Welcome to a new semi-regular series where we help you get to know the people of Perth making moves. The type of people who make us #PerthProud, getting it done in our isolated little corner of the world across a variety of different worlds and industries.
Following our chat with StreetX founder Dan Bradshaw, we want to introduce you to Ben Taaffe, a fella who’s been helping Perth MOVE for over a decade. He’s been heavily involved with the Perth music community for the past 15 years, DJing for a lot longer, and in a few weeks will be running the 5th Freedom Time New Year’s Eve festival.
We chat about the fest’s move to a more sustainable future in 2019/2020, what it’s like programming events in Perth, how the Perth cultural scene has evolved over the years and where it’s headed.
First up can we get a brief little intro of who you are, and you’re involvement in the Perth music scene over the years?
Hi! My name is Ben Taaffe. I’m a Perth based DJ and promoter with a passion for underground electronic music and the amazing local community of dancers and DJs in Perth that connect through music and movement. I’ve been DJing and collecting records for about 21 years now (yikes!); presenting the Underground Solution radio show on RTRFM for about 13 years; I’ve been organising parties and music events in Perth for the last 15 years or so – for the last 12 years I have been working under the name of MOVE, aka The Move Foundation for Musical Health and Wellbeing aka Move Party People PTY LTD. I’m also part of the collective that runs Planet X; and I’m the founder of Freedom Time NYE Festival! (….and in my day job i’m a youth worker and events coordinator at local youth music and arts hub HQ, in Leederville).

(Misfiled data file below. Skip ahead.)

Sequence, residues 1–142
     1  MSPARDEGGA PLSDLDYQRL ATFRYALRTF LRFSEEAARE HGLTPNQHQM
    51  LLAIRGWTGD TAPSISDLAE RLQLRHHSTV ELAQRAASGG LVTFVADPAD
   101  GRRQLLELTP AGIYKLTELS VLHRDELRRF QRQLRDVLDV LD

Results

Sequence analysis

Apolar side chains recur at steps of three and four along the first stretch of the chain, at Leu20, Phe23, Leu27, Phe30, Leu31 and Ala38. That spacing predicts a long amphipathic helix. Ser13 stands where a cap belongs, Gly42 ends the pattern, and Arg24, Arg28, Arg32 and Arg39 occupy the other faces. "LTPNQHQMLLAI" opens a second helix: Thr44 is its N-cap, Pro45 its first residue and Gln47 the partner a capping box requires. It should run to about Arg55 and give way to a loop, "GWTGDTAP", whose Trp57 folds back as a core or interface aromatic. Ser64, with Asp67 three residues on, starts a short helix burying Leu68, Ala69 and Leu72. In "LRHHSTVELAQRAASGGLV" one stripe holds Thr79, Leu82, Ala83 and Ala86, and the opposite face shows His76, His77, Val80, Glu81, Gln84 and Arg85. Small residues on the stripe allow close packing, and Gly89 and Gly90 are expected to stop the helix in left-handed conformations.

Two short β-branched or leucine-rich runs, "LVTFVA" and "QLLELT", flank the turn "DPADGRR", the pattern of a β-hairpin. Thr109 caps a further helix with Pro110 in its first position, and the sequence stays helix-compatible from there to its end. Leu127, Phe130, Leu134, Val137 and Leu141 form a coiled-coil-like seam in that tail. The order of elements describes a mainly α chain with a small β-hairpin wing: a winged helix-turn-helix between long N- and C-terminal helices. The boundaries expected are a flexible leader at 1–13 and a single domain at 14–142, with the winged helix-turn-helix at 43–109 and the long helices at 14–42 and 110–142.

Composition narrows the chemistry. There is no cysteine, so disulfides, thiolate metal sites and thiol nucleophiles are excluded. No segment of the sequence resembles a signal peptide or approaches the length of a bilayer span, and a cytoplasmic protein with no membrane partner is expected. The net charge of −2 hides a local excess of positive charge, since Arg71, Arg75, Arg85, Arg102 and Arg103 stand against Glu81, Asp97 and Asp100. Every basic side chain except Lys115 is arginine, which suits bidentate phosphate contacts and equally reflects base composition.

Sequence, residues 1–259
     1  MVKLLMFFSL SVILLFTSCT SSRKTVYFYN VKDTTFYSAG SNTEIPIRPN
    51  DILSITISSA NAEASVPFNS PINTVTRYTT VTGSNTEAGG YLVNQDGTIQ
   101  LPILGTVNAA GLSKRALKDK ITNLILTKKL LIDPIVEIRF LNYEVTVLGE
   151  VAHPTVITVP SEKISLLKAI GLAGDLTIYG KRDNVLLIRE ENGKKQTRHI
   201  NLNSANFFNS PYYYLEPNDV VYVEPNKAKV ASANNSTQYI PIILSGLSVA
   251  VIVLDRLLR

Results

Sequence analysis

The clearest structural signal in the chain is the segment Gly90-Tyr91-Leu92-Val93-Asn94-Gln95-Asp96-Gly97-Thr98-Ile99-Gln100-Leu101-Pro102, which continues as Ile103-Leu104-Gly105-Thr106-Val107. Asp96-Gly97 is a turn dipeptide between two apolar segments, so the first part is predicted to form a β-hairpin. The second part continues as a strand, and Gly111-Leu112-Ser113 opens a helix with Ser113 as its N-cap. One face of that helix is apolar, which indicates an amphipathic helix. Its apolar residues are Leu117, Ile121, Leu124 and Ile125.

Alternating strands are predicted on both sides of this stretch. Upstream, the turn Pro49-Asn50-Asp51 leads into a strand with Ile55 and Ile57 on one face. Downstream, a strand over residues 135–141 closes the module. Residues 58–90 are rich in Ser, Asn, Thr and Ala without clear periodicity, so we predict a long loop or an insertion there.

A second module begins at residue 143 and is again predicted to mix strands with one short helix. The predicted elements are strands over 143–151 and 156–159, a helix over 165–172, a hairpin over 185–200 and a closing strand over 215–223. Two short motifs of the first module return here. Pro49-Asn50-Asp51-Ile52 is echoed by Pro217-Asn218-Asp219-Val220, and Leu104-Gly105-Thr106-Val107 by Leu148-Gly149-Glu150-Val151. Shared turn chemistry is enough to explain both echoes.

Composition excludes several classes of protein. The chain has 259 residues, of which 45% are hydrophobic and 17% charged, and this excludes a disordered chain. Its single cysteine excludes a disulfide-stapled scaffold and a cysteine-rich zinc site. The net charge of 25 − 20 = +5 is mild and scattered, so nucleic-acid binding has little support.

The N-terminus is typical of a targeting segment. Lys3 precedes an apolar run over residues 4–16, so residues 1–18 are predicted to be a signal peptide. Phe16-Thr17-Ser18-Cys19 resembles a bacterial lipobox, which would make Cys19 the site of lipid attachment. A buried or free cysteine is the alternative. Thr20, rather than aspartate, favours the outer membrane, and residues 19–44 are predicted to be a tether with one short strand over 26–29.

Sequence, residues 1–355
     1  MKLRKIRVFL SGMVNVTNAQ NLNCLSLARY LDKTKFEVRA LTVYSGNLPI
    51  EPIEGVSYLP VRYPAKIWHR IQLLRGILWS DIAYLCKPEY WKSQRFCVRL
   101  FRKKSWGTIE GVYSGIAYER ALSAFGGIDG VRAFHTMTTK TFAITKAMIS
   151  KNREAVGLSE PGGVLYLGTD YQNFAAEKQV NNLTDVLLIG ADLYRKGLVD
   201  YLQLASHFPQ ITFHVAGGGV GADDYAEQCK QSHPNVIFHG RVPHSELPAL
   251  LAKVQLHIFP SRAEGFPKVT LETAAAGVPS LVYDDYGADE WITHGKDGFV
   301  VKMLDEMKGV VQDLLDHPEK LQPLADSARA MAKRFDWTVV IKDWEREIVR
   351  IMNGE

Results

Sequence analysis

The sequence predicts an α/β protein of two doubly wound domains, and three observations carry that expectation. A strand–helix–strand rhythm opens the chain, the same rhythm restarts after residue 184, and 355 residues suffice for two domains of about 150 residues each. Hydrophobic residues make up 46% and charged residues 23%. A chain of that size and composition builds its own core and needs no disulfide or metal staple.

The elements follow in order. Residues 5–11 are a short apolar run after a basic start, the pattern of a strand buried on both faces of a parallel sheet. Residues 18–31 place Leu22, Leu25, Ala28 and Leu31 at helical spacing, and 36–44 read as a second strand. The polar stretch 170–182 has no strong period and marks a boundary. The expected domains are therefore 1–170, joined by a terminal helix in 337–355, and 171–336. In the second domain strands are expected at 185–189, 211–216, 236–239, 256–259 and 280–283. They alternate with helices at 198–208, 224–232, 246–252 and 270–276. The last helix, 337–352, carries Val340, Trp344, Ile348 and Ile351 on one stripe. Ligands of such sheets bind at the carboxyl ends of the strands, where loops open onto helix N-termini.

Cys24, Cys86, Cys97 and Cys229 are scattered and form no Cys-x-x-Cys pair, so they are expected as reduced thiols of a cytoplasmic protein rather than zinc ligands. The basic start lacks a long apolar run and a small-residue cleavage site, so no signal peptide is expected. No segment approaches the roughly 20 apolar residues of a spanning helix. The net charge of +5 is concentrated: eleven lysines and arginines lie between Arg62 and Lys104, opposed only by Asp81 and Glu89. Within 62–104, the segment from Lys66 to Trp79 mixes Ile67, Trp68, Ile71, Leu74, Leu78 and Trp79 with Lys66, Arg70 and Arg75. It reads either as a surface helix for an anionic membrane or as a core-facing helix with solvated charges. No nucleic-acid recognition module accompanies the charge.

We’re coming rapidly up to Freedom Time, now in its 5th year, can you give us a little history of the festival itself – the ethos behind it, the type of artists and vibe you’ve been crafting with it over that time?
Freedom Time is our humble attempt to capture the relaxed and cosy vibes of a backyard BBQ, or your best mate’s house party, within a small-scale festival format. We take inspiration from the sound system and street party culture of Rio and London’s Carnivals, from the neighbourhood block parties and park jams of NYC, and from the local warehouse parties, bush doofs and club nights of the thriving local dance music community! If you know where to find us, Perth is one of the most happening dance scenes in Australia and we seek to celebrate that at every year at Freedom Time.
Over the last four-and-a-half years we’ve evolved from a humble 500 person block party at the Ezra Pound Bar car park in Northbridge, to a fully-fledged and fun-filled, 2500 person outdoor “micro” festival. We’ve hosted an incredible range of international artists and performers since we started, but over the past two years we’ve made a commitment to focus our programming on the incredible depth of talent in the Australian dance music scene, featuring an exclusively Australian or Australia-based program of DJs and performers. This year we have four stages, three boutique bar operations, two amazing food vendors, custom lighting and staging installs, art installs, dancers and heaps more operating for eight hours of dance celebrations.
More than anything, Freedom Time is all about a safe, inclusive and carefree time with dear friends, future friends and other high-calibre crew, celebrating life and love through music and movement. We are a proudly diverse and inclusive event and we hope everyone that joins us feels free to let their inner-freak out for the night.
What have been some of the most memorable moments over the years?